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Tax Services and Same Sex Marriages: What You Need to Know.

Tax Services and Same Sex Marriages: What You Need to Know

Major tax changes are coming to Colorado in 2014, including health care changes for individuals, families and small businesses. Another change is tax filing for same-sex marriages. Colorado does not recognize same-sex marriages, but the IRS and Treasury Department don’t see it that way. Recently, the IRS and Treasury Department issued guidance in response to the recent Supreme Court case striking down Section 3 of the Defense of Marriage Act of 1996 (DOMA), which defined marriage as the union of a man and a woman. If you are legally married under any state’s laws you will be treated as married by the federal government.

This applies for all tax purposes, including the following: Filing status issues, personal and dependency exemptions, standard deductions, employee benefits, IRA contributions and deductions, the earned income tax credit (EITC), the child tax credit and gift and estate taxes.

Your filing status is dependent on your marital status on the last day of the year. If you are married, you can file a joint return, or elect to file separate returns using the Married Filing Separately status. You are no longer a single individual for tax purposes.

The Department of Revenue has announced it will follow the IRS procedures. In general, Colorado income tax is based on federal tax laws and follows them in almost all situations. They are maintaining that position with same-sex marriages so if you file a joint federal return you will also file a joint Colorado return.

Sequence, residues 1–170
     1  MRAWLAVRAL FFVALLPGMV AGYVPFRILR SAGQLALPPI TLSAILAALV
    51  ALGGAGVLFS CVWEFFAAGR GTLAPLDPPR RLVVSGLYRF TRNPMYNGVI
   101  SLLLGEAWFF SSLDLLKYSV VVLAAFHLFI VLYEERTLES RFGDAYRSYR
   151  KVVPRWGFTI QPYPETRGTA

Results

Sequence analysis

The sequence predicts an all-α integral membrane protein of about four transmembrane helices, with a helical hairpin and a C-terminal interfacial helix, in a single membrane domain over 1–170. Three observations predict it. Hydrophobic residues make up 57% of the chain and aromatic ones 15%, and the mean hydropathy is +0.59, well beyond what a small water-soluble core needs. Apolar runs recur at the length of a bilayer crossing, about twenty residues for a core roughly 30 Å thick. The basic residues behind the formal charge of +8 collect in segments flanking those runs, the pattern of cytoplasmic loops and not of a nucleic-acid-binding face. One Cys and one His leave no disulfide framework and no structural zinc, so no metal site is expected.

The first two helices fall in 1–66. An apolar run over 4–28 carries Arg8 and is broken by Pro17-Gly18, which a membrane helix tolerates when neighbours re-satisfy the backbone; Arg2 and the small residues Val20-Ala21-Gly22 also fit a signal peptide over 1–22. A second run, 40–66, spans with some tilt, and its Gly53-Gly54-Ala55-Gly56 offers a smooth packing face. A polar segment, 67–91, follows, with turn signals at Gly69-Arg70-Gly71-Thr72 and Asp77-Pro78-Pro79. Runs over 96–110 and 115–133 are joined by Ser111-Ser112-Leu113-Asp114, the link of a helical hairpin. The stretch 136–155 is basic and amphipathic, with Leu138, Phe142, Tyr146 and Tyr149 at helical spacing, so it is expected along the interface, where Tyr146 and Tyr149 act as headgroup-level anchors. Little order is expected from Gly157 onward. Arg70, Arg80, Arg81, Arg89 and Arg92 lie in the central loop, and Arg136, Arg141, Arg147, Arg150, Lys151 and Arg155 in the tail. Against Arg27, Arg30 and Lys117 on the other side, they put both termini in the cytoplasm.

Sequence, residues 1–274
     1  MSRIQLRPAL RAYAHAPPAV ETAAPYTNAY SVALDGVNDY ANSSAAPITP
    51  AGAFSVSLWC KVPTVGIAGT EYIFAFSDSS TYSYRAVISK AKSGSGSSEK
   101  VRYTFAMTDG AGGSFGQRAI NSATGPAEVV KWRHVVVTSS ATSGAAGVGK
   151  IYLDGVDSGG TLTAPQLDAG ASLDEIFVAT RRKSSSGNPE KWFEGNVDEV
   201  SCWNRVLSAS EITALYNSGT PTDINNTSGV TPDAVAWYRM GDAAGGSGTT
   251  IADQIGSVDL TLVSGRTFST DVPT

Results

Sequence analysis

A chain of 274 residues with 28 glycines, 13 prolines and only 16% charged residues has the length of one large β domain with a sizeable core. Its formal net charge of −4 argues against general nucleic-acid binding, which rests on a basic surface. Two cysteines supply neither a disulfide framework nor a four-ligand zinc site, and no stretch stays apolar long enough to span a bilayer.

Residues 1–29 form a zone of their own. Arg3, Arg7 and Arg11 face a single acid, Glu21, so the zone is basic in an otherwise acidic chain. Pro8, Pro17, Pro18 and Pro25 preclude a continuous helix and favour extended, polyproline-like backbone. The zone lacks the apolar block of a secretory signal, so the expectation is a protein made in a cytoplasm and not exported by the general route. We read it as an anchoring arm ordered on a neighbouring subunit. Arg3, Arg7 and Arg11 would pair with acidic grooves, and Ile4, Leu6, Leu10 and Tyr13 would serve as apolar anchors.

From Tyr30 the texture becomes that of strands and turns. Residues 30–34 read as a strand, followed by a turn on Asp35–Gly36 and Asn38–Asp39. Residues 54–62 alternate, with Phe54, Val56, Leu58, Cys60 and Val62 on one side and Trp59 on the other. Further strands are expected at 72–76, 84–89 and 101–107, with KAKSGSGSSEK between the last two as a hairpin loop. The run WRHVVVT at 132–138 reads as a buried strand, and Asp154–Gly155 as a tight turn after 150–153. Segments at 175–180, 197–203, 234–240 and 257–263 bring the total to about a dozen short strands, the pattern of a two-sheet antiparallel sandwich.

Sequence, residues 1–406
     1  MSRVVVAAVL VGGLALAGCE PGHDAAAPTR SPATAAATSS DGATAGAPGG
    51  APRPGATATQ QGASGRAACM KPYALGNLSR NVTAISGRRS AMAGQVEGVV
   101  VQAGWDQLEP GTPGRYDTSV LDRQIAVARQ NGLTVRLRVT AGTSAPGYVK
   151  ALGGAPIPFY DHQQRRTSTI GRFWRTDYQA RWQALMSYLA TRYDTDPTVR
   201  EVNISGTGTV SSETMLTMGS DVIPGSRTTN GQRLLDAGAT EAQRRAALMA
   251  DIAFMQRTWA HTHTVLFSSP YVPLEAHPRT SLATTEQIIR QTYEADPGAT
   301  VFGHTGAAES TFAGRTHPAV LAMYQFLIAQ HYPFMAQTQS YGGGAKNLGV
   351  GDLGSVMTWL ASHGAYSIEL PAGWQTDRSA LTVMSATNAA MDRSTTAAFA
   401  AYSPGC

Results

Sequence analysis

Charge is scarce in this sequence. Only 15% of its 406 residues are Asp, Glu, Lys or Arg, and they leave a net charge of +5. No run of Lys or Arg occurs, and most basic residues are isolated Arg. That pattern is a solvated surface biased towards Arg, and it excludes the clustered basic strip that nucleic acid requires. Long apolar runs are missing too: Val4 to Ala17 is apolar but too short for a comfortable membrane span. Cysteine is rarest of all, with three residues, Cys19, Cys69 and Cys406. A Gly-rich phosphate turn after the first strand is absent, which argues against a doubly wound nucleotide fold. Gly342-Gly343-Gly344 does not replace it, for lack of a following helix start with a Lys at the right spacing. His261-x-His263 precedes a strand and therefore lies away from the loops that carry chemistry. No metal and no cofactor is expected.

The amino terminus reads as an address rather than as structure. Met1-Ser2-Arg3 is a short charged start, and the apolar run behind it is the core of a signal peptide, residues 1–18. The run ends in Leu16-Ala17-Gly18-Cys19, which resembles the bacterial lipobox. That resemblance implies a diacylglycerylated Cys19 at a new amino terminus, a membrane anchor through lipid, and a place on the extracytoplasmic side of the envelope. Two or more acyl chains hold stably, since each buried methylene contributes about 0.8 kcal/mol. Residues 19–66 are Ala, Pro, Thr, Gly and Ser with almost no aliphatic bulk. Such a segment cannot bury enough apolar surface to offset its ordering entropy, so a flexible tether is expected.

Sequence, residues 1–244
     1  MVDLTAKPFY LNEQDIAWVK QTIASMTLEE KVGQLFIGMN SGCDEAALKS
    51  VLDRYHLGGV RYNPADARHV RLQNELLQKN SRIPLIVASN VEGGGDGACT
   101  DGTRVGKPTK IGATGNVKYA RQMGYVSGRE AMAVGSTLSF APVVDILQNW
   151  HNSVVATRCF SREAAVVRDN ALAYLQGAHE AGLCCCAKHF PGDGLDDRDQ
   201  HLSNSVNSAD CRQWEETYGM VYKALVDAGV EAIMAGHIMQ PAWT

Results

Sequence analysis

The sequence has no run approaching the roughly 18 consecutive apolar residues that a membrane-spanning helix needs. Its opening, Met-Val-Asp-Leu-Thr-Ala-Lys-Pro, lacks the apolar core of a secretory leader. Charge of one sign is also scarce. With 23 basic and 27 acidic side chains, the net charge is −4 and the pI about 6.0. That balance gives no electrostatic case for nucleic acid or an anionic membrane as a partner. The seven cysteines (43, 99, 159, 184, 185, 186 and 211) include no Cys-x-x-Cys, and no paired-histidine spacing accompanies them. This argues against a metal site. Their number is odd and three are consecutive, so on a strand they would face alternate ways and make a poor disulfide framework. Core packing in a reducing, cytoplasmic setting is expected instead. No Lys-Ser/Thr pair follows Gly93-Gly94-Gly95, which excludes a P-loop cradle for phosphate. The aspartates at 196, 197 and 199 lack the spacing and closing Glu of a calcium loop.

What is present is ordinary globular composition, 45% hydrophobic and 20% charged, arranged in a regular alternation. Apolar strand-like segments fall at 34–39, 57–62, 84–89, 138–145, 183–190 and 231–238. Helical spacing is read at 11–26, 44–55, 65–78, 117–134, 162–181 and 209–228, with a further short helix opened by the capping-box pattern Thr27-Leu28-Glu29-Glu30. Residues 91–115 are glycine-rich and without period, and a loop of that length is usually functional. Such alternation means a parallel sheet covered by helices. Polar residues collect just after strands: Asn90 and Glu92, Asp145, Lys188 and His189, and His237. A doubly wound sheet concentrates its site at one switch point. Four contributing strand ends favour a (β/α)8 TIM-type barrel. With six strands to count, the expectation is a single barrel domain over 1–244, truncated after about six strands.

If you were married at the end of 2012, and filed your returns before September 16, 2013, you may, but are not required to, amend the return you filed as married filing jointly or married filing separately. If you filed after September 16, 2013, you may not file as a single individual.

Other Open Tax Years:
Tax years are generally “open” and can be amended for three years after the original due date, or the date they were filed. If your returns for 2010, 2011 and 2012 are currently open, it may be beneficial to amend those returns and file joint returns. It's important to note that if you choose to amend a prior year’s return, all items on the return must be adjusted to consistently reflect your marital status (i.e., married filing jointly or married filing separately). For example, if you amend a prior year tax return to be treated as married, you are treated as married for all items and issues related to the return.

One item to review is the treatment of medical insurance. If one employer provided medical insurance for both of you the coverage for the other person may not have been excluded from your income. Amending your return may allow you to recover the income taxes paid on the value of this coverage.

How to use this Information:
Major tax changes are coming in 2014, including changes in health care with the Health Care Reform Act. Contact KKB, your CPA expert for any Colorado financial planning services help you may need during the upcoming tax season. We’ll be sure to help you with these changes and help make your life better.

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